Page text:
DaimlerChrysler (DCX) CEO J?rgen Schrempp may have hit some bumps on the road to building a global carmaker, but the company's supervisory board hasn't lost faith in him. It has given Schrempp more time to make good on his vision for reinventing DaimlerChrysler by extending his contract through 2008. Schrempp, 59, has taken his lumps from shareholders dissatisfied with Daimler's lagging share price and eroding market share, but the board's Feb. 18 announcement gives him breathing room. He gets four more years to reverse Chrysler's steady decline, overhaul an ailing Mitsubishi Motors, and fix nagging quality problems at Mercedes-Benz (DCX). Although the Daimler board didn't make changes in the corner office, it promoted a cadre of younger managers. Among them is Wolfgang Bernhard, 43, who takes over as Mercedes boss on May 1. If Schrempp can't fix the company, potential successors will be nipping at his heels. As if the fallout from mad cow disease and poultry flu weren't enough, chicken and beef giant Tyson Foods (TSN) was hit on Feb. 17 with a federal jury recommendation that it pay $1.28 billion in damages for illegally depressing cattle prices. Independent ranchers took IBP, now part of Tyson, to court in 1996 under a little-known 1921 antitrust law, claiming that IBP's contracts with cattle feedyards unfairly manipulated prices. Similar suits are pending against other meatpackers, and the case is being closely watched for its implications in other industries where giant buyers wield power over suppliers. Tyson called the decision a "temporary legal setback" and is asking the judge to set aside the verdict. If he doesn't act, Tyson will appeal. The company said the verdict would not affect its liquidity or operations. Walt Disney (DIS) and Comcast (CMCSK) seem to be settling in for a long battle following Comcast's $54 billion hostile bid for the entertainment giant on Feb. 11. Disney, which has hired takeover defense lawyer Martin Lipton, rejected the cable company's bid as too low and voiced support for the company's "business, financial, and creative direction" under CEO Michael Eisner. Comcast countered that its bid, valued at $26.47, "reflects a full and generous valuation based upon Disney's prospects and performance over a long period of time." Still, it is expected to launch another bid and may add cash to its all-stock offer. Sources say that a bid could come close to Disney's Mar. 3 annual meeting. Shareholders got a shock on Feb. 17 when energy outfit El Paso (EP) chopped its annual estimate of how much natural gas it could profitably extract from the ground, known as proven reserves, by 41%. The news sent shares down more than 15% the next day. El Paso, which is trying to recover from failed attempts at energy trading and battles with regulators and dissident shareholders, has sold off $2.9 billion in assets and reorganized in an attempt to boost its core production business. But citing concerns about future production and cash flow, Standard & Poor's downgraded El Paso's $24 billion in long-term debt to B- from B, and Moody's (MCO) Investor Service warned it was considering taking similar action. The do-not-call registry has been wildly popular, with more than 55 million households signing up. Now it has passed muster at the 10th Circuit Court of Appeals, too. On Feb. 17, a three-judge panel of the court ruled that the list did not violate telemarketers' free-speech rights. The two trade groups that brought the suit are weighing an appeal to the full 10th Circuit Court. Meanwhile, the law appears to be working: In a Jan. 19-28 Harris Poll, 92% of adults who signed up reported getting fewer calls. -- Intel's (INTC) Xeon and Pentium 4 chips will soon process data at a 64-bit rate.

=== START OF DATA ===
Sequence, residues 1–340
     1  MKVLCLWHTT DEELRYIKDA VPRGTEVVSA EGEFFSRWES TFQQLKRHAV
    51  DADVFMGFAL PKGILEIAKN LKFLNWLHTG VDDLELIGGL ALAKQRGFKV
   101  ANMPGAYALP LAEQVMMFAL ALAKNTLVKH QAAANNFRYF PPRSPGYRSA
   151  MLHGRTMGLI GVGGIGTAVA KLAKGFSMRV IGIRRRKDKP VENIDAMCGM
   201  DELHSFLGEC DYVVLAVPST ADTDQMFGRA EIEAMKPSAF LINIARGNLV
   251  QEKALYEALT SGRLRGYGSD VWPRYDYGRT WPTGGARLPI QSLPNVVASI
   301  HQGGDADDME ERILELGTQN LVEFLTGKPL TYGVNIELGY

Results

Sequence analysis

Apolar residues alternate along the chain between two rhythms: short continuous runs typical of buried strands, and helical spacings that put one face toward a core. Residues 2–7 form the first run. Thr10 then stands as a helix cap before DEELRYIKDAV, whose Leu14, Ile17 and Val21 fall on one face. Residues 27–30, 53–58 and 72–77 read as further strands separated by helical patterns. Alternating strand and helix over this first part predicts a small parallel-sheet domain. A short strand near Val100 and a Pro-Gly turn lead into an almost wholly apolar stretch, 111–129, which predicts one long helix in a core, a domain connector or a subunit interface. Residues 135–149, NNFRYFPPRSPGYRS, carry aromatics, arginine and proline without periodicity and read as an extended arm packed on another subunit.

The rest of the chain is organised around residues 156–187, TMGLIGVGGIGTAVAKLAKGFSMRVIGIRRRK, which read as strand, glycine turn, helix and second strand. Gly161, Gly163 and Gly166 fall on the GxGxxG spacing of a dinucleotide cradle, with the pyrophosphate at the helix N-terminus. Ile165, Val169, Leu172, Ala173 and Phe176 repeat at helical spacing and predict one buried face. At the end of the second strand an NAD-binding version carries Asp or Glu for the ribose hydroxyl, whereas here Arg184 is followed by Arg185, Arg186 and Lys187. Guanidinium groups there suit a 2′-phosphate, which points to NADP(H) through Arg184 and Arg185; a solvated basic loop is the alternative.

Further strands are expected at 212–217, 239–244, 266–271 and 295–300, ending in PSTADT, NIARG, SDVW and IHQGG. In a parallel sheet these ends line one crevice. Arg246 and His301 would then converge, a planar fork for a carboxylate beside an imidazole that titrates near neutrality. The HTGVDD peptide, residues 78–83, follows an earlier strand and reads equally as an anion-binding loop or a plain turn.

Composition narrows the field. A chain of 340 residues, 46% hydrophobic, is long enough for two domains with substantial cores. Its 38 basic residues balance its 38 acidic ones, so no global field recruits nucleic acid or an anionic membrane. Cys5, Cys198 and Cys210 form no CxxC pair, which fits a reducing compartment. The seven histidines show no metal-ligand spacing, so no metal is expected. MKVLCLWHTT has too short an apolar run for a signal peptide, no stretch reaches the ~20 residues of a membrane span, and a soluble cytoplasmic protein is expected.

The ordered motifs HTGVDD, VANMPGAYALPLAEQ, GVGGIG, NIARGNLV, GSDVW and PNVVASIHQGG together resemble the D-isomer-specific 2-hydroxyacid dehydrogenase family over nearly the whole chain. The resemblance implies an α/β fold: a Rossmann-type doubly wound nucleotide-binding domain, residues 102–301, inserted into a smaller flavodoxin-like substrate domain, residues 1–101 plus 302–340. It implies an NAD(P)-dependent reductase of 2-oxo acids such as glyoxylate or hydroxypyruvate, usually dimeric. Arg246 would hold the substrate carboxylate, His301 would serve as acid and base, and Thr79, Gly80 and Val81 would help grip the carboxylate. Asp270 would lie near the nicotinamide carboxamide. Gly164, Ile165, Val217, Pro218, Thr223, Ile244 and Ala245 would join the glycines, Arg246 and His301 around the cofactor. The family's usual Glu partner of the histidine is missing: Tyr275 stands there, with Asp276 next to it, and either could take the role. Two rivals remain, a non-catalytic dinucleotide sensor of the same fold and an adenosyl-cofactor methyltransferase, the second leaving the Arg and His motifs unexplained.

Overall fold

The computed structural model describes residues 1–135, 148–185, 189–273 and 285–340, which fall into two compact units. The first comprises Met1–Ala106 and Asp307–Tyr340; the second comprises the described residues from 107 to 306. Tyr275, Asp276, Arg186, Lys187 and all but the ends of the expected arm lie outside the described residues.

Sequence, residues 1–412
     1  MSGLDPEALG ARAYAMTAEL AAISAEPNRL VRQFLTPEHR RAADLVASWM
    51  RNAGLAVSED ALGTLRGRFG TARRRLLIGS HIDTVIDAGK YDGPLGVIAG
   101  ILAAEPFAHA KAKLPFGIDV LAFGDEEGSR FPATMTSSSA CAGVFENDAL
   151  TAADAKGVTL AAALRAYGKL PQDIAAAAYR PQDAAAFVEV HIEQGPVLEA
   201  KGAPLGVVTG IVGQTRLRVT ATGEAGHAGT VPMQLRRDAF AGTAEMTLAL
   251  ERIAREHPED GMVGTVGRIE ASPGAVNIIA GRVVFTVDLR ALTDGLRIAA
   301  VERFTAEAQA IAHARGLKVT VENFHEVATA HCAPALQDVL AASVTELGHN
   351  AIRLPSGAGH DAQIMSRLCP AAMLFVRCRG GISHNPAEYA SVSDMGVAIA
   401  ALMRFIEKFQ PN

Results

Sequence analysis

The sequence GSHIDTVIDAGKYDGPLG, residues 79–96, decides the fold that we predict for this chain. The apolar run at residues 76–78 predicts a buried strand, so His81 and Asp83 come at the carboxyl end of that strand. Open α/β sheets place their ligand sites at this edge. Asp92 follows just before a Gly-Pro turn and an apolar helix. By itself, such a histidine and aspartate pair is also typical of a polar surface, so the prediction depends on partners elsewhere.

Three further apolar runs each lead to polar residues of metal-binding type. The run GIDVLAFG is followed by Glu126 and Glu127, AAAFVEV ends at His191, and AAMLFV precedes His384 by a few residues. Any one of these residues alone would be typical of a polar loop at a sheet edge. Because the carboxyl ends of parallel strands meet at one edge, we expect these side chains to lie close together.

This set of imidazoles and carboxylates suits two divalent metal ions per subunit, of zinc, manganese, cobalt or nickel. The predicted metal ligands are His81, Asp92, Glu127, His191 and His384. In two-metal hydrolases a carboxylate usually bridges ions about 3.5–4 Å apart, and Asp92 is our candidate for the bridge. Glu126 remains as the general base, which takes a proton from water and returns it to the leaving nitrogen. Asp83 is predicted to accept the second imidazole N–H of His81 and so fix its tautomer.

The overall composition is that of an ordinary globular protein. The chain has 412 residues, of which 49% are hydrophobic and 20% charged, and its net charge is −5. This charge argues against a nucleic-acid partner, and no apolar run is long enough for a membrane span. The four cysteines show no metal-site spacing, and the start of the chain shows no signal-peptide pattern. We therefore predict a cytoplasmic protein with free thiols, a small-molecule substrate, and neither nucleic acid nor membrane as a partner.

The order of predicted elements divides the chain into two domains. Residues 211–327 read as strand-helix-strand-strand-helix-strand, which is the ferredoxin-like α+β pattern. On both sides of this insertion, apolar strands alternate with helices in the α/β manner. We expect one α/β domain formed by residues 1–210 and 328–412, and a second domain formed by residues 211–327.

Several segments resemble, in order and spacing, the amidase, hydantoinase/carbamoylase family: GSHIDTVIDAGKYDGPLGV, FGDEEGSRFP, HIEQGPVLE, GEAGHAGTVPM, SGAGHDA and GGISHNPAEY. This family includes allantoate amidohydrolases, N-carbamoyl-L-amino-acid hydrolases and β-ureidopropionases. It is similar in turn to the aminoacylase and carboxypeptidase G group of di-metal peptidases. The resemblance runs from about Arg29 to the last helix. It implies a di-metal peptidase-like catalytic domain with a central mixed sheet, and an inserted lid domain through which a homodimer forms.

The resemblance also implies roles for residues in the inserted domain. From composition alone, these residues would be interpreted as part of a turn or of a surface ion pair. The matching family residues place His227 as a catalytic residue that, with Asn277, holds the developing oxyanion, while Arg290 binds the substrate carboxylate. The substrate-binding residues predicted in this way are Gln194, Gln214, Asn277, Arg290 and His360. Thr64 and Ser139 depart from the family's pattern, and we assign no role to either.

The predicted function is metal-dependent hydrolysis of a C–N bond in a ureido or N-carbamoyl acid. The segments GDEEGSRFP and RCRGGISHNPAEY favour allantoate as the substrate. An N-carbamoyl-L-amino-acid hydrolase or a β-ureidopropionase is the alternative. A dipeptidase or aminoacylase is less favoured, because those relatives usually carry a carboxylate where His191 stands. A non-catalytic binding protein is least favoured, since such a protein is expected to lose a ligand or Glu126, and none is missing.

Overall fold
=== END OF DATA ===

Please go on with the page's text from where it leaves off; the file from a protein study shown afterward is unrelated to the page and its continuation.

-- Two NYSE firms will pay more than $50 million each to settle trading abuse charges.
-- Yahoo! (YHOO) has stopped using Google's Internet search engine technology.